Devious Derivations: Popular Misconceptions, and More Than 1,000 True Origins of Common Words and Phrases
In this new book, word maven Hugh Rawson brings you a marvelously entertaining roundup of 1,000 spurious etymologies, then enlightens you with their genuine counterparts. Some wiseacre (which, by the way, has nothing to do with land measure) may have told you that a tip is something you give a waiter "to insure promptness", or that James I once knighted a remarkable side of beef, saying, "Arise, Sir Loin", but like hundreds of oft-repeated accounts of word origins, they're just too good to be true. People, it seems, are etymologizing creatures, and if a certain lexical lineage is unclear, they are sure to invent one. If you hear that pumpernickel was named by Napoleon Bonaparte, who, upon being served the dark German bread, derided it as "pain pour Nicol" (bread for his horse, Nicol), you can take it with a grain of salt (which since 1647 has been making questionable tales, like questionable meat, more palatable). With his third book, Hugh Rawson pulls off the literary equivalent of a hat trick (which is original not to ice hockey, it turns out, but to cricket).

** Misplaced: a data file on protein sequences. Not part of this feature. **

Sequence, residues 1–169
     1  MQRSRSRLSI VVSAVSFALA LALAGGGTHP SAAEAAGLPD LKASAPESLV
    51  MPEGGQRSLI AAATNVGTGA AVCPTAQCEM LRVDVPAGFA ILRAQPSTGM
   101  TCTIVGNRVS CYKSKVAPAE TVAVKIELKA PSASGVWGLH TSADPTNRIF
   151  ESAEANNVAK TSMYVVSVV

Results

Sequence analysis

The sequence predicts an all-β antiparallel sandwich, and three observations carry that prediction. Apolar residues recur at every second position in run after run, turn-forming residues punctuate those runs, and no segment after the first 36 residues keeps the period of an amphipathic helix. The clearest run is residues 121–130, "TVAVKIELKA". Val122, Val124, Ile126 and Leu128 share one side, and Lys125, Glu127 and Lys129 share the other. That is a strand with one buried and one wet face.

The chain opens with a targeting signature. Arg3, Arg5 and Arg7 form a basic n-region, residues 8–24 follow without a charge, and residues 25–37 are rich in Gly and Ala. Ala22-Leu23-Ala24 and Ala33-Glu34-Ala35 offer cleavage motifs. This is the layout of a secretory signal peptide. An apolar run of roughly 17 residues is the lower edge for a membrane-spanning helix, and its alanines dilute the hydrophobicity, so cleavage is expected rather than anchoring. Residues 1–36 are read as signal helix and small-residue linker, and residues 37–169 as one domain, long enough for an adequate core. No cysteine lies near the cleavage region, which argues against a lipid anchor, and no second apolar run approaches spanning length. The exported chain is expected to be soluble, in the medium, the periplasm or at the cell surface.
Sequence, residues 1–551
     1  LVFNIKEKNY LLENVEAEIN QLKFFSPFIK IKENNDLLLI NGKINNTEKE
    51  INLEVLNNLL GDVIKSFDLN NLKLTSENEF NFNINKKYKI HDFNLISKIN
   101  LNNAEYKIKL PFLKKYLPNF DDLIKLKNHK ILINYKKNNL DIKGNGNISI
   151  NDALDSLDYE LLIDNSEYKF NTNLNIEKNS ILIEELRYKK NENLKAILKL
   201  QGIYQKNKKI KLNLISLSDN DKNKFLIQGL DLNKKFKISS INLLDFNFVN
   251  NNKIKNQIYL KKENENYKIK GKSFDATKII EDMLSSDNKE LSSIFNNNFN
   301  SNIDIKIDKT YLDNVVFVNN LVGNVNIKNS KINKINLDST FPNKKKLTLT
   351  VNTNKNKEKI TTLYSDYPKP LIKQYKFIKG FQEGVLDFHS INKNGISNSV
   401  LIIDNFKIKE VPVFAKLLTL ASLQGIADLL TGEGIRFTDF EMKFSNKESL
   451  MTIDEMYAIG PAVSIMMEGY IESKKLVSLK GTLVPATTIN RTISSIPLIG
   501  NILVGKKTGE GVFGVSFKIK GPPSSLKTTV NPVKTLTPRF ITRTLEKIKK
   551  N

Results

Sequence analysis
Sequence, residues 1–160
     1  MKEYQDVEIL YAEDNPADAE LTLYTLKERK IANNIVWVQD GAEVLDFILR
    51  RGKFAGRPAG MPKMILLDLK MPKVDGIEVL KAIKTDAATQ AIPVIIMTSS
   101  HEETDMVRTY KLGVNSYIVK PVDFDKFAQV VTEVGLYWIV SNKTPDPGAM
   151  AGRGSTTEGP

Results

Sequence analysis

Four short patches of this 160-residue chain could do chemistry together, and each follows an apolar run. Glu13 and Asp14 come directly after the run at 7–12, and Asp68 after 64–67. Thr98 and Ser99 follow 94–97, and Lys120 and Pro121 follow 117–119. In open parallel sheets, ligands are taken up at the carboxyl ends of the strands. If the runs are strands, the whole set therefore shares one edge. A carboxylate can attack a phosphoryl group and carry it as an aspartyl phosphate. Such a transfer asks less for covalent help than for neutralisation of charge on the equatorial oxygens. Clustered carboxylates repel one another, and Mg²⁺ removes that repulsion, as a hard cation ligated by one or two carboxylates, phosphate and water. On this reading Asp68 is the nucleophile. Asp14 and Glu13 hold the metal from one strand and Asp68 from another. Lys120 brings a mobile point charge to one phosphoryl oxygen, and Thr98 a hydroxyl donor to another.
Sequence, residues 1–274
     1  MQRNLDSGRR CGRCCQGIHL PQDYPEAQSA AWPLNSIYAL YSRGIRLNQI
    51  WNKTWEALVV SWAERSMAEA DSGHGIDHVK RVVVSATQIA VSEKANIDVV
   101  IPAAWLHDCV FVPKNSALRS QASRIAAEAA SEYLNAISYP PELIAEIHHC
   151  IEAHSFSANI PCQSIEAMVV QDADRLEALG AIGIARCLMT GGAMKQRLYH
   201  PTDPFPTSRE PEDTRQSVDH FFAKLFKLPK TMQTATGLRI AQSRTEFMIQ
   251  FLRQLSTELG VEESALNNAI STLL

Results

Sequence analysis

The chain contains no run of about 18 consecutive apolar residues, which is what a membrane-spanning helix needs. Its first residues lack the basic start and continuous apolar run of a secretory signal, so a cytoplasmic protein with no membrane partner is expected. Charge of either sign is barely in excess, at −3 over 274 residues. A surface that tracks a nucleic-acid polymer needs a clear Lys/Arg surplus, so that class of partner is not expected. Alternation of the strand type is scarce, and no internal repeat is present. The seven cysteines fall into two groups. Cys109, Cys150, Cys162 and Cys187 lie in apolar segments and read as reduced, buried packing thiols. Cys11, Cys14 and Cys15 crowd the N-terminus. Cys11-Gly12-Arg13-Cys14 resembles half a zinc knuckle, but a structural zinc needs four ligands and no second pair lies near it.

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mists of classical times.) Actually, bombast comes from the French bom- bace,
cotton padding or wadding, the cloth stuffing serving as a metaphor for the
overblown language. Bombace, in turn, probably came from the Middle Persian
... the thirteenth century, when the word appeared in English, but the basic image
seems to be of the frightened animal that slinks away, tail drooping between its
hind legs, or perhaps to the one that actually turns tail and flees as fast as it can.
Isinglass actually is an import from Holland, linguistically as well as literally,
deriving from the Middle Dutch huysenblas, sturgeon bladder. It appears first in
English as isom glass in a customs regulation of 1545. The m in isom apparently
was a ...
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Devious derivations: popular misconceptions--and more than 1, 000 true origins of common words and phrasesUser Review - Not Available - Book Verdict
If William Safire and David Letterman ever collaborate on a book about words, this could be their model. Beginning with adulteress (erroneously attributed to an au pair who called grown men "adults ... Read full review